Strategy

Disney defeats activist investors, but challenges remain

CEO says company can now focus on growth, “creative excellence” for audiences.
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The attempted coup on Disney’s board of directors played out much like the media empire’s 2023 in films: It was a flop.

Reigning chief executive Bob Iger fended off an attempt by activist investors, chiefly billionaire Nelson Peltz and former Marvel Entertainment chair Ike Perlmutter, to place people they backed on the company’s board of directors, the New York Times reported. Peltz’s hedge fund, Trian Partners, controls about $3.5 billion in Disney stock, most of which Perlmutter owns.

The trailer gave away the ending, however: The night before the annual shareholder meeting, Reuters reported that Disney brass had secured enough shareholder votes to fend off the attack.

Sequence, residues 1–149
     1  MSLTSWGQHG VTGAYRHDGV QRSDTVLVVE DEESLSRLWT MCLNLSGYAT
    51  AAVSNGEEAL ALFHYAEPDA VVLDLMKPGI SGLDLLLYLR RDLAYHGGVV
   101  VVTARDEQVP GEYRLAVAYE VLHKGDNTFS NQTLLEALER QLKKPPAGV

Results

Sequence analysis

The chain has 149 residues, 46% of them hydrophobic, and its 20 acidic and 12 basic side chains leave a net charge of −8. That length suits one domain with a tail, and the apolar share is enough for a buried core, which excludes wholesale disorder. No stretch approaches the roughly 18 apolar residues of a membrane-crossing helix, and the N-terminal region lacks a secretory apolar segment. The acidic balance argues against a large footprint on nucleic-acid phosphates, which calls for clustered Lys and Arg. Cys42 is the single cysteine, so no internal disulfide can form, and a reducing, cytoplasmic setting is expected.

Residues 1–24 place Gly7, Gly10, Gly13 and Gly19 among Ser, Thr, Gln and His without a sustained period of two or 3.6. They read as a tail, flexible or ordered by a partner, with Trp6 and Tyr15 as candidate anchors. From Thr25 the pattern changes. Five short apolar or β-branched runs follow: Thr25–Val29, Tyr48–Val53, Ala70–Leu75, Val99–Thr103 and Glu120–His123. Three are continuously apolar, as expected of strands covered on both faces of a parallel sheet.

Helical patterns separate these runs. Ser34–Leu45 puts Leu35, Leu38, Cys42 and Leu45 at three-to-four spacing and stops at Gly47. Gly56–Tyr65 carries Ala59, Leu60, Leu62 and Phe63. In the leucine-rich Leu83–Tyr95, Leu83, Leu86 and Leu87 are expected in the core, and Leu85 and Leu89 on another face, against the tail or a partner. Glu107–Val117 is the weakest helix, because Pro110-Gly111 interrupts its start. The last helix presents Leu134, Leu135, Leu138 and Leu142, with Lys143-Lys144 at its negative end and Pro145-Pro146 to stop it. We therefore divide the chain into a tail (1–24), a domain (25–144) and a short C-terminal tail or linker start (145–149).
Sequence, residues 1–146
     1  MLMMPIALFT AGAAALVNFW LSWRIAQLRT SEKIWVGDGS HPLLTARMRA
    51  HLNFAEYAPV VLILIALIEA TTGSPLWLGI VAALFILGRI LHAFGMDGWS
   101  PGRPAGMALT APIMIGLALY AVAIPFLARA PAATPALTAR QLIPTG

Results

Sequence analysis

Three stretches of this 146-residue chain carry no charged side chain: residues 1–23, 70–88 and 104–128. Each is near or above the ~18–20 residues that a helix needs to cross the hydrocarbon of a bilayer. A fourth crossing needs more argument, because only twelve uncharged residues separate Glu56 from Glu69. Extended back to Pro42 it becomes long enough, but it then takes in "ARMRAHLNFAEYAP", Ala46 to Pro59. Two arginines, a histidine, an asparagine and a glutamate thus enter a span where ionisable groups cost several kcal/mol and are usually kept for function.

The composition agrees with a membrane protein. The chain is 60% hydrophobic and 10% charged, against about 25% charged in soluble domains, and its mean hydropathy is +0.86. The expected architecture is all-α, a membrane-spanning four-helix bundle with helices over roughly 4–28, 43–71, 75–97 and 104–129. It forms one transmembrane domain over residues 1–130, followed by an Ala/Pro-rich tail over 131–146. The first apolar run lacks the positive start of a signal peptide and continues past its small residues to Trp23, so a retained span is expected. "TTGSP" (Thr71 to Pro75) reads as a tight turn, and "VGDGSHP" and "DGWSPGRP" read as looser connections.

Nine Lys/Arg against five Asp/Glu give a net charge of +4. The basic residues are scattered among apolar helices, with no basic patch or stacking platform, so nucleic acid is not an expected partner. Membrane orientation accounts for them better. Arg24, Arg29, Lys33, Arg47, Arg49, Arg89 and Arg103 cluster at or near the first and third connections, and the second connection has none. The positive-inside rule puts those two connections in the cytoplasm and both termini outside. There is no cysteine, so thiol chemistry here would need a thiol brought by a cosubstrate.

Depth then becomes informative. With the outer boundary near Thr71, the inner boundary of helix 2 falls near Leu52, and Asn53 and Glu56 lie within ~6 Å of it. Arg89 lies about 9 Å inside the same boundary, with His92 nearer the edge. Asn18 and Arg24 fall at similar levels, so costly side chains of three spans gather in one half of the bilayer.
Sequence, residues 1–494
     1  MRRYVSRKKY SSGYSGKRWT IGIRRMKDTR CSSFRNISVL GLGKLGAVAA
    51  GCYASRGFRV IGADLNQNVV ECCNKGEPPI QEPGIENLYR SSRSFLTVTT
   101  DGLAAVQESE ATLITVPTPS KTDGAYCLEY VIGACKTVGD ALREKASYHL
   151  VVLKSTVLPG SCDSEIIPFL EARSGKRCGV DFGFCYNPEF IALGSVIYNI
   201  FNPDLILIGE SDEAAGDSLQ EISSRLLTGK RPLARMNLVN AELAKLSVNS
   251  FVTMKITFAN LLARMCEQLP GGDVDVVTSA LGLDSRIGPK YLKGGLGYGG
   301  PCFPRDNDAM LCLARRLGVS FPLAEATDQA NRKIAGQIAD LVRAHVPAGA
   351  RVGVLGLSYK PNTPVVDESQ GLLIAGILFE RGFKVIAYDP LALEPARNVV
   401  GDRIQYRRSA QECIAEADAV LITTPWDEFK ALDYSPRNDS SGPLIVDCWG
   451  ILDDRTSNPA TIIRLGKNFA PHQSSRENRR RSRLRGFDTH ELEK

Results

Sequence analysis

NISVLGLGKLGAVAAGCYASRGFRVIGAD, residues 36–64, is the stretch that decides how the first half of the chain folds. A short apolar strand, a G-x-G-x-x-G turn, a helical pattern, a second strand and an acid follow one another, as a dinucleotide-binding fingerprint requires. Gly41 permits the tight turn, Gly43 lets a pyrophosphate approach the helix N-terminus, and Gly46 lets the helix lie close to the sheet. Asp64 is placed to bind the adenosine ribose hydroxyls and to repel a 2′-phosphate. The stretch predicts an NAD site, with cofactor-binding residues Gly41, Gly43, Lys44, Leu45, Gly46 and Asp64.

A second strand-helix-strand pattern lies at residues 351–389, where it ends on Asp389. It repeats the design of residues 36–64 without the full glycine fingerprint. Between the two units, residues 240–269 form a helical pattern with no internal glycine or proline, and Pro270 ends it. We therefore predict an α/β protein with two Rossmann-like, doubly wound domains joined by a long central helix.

“With the distracting proxy contest now behind us, we’re eager to focus 100% of our attention on our most important priorities: growth and value creation for our shareholders and creative excellence for our consumers,” Mr. Iger said in a statement.

But as with virtually every Marvel movie, this victory doesn’t mark the end of Disney’s challenges. As our colleagues at Morning Brew pointed out, the company has no successor to Iger in place and its streaming service, Disney+, still isn’t profitable. (Might we suggest as much Obi-Wan Kenobi content as possible?)

“The challenge right now facing Disney is that they’re trying to do many things at the same time,” instead of “nailing” just one thing, Rich Greenfield, co-founder of LightShed Partners, said in an interview with CNBC last week.

News built for finance pros

CFO Brew helps finance pros navigate their roles with insights into risk management, compliance, and strategy through our newsletter, virtual events, and digital guides.